In our exuberance to use the internet, we often forget about the consequences of what we do when we are connected. Unless you are paranoid—not a bad thing when using the internet—you don’t imagine someone tracking your every move.
When accessing the internet, we all use some type of browser. Google Chrome, Internet Explorer, Firefox and Sapphire are all browsers that have market share. Every one of them has some level of tracking capability. They give you some level of control, but the tracking is never turned off 100 percent.
Does our browsers’ record-keeping infringe on our rights? Over the last couple of years, civil libertarians have taken the big internet companies to court a number of times, especially in Europe, trying to get them to expose and define what they do with the information. This has had varied levels of success.
In addition to the browsers, the search engine companies also track and keep tabs on on where people are going and what people are doing on the internet. I have five websites, and each has a tracking code that tells me important information about who has visited the site. Although this information is anonymous, I still get a large amount of information on my visitors. And this is true of most sites.
Everyone has different interests and motivations for seeking information on the internet. So our online behavior is as unique as a fingerprint—and those fingerprints are traceable. I recently did an experiment on what I did on the internet. I turned off all of my protective systems on one of my laptops and went to work as normal. So from football to Shadowrun, from SEO to how-to’s on Windows, from booking hotels to mobile security, it was all there. Anyone who was collecting that information could learn an astonishing amount about me.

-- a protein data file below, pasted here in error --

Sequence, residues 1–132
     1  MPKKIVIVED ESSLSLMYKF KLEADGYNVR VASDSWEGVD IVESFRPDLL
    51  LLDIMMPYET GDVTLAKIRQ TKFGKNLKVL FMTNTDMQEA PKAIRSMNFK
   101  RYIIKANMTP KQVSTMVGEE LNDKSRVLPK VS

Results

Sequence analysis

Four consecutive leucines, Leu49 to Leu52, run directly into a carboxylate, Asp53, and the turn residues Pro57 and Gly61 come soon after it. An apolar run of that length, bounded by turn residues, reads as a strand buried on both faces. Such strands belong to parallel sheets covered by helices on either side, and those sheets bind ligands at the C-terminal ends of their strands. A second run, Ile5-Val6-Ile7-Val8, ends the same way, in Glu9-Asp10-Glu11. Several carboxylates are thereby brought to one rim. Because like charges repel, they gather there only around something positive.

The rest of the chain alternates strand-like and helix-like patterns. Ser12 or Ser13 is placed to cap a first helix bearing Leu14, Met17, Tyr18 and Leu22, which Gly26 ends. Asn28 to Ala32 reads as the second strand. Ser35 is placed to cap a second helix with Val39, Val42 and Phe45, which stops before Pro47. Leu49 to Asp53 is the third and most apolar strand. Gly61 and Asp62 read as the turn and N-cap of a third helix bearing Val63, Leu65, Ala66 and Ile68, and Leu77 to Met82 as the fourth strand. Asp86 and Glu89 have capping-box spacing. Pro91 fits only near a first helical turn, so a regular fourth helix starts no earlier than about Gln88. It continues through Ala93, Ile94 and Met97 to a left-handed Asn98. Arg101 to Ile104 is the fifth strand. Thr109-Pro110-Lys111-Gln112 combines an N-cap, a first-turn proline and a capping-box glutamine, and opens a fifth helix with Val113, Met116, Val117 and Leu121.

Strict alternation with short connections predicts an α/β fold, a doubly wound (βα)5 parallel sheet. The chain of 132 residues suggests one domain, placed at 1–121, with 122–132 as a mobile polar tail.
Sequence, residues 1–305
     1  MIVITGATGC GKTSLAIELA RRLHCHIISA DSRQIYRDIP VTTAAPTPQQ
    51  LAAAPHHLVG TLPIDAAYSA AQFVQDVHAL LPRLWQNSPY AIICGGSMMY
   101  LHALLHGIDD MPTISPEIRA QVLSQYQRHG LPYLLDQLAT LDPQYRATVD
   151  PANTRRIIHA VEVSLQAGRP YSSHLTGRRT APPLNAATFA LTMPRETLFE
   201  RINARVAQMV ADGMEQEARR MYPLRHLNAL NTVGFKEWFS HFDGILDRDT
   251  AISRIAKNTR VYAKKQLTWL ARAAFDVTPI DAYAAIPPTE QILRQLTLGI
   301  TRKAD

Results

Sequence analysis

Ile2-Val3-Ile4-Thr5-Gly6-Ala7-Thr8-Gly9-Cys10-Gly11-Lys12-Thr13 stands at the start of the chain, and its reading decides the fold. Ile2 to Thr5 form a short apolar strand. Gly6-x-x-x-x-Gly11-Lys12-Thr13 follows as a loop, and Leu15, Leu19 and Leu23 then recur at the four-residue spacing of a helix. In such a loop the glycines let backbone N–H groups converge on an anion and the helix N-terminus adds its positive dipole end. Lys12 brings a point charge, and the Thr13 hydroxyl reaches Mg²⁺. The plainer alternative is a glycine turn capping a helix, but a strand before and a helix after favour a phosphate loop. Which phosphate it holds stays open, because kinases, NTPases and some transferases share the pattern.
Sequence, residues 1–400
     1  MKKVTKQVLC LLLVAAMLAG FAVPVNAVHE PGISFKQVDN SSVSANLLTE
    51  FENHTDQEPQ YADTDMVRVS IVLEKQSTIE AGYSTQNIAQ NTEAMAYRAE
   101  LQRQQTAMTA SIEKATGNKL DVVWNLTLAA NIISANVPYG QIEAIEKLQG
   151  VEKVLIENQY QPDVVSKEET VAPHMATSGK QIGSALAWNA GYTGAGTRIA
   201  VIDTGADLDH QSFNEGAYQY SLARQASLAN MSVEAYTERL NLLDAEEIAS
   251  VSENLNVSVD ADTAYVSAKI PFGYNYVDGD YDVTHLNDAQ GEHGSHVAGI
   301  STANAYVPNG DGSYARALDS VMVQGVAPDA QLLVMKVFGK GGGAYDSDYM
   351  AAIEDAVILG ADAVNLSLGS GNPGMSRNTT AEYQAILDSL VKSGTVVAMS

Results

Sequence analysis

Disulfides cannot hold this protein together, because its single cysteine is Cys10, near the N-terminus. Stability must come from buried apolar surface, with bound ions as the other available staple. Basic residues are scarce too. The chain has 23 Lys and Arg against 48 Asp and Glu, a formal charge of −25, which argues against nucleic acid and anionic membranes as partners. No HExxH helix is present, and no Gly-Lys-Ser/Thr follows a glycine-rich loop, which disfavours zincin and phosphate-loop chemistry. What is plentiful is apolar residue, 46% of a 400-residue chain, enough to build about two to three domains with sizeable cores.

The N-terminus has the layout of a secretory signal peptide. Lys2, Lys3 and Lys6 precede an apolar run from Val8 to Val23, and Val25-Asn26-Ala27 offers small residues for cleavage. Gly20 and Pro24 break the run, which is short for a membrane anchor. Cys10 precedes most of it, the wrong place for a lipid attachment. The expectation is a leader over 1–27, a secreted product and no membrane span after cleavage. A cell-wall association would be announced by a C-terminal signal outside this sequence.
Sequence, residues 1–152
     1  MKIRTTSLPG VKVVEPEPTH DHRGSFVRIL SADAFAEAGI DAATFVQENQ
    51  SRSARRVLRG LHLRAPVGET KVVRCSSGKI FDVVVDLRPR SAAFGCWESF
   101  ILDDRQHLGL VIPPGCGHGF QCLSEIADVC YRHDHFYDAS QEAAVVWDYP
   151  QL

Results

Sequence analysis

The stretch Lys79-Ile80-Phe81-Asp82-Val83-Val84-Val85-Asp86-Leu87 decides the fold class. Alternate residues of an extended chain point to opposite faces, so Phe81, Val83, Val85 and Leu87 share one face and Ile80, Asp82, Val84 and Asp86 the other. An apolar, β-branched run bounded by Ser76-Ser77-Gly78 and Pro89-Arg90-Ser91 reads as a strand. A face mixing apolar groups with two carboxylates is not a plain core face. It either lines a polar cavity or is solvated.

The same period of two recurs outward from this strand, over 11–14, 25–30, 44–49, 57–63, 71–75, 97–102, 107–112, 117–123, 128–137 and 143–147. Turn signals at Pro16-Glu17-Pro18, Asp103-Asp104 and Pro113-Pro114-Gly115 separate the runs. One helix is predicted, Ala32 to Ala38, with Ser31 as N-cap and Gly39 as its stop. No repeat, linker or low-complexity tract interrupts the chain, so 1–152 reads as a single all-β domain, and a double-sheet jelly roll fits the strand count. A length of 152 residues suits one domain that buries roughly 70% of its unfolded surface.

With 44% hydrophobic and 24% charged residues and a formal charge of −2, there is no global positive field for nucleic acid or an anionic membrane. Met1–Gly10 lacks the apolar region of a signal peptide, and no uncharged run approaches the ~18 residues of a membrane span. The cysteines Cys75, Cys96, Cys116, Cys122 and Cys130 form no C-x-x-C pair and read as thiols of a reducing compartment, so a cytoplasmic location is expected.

At the moment, there are very few systems that can turn this information into coherent data that mere humans can understand. But even that is changing with the introduction of “big data”.
Big data is the next step in the evolution of the internet. It is the ability to look at all of the information that is being generated on the internet, and turn it into something we can use to (hopefully) help mankind. Big data analysis was successfully used in the tracking of Hurricane Sandy in the USA. Researchers used information from multiple databases to predict where power outages would strike, among other events.
With millions of different and diverse data points, making sense of it is difficult—unless you have big data analytics. The phenomenon that is big data is not some huge relational database. It is a new concept that allows researchers and computer scientists to bring together large and unrelated data sets into something useful—like tracking wind speeds, ocean temperatures and terrain elevation to determine where a hurricane will make landfall.
There is a more sinister side to big data. That is the issue over privacy and having the ability to track your every move on the internet. That includes what you do, where you go, who you talk to and in some cases what you are like as a person. Most of us of heard about PRISM!
On the internet, we chat with friends, read the news, get work done, buy stuff—and leave a digital trail. That trail is easy to follow with the right tools. Who can follow yours?